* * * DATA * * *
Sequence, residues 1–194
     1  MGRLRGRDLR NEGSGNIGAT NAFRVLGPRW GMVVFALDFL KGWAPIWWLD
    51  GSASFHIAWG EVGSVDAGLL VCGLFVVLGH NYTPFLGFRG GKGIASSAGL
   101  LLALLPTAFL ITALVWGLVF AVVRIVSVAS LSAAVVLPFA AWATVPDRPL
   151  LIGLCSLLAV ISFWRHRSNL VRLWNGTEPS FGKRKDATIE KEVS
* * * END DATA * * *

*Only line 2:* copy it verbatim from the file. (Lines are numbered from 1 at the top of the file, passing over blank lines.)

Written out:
     1  MGRLRGRDLR NEGSGNIGAT NAFRVLGPRW GMVVFALDFL KGWAPIWWLD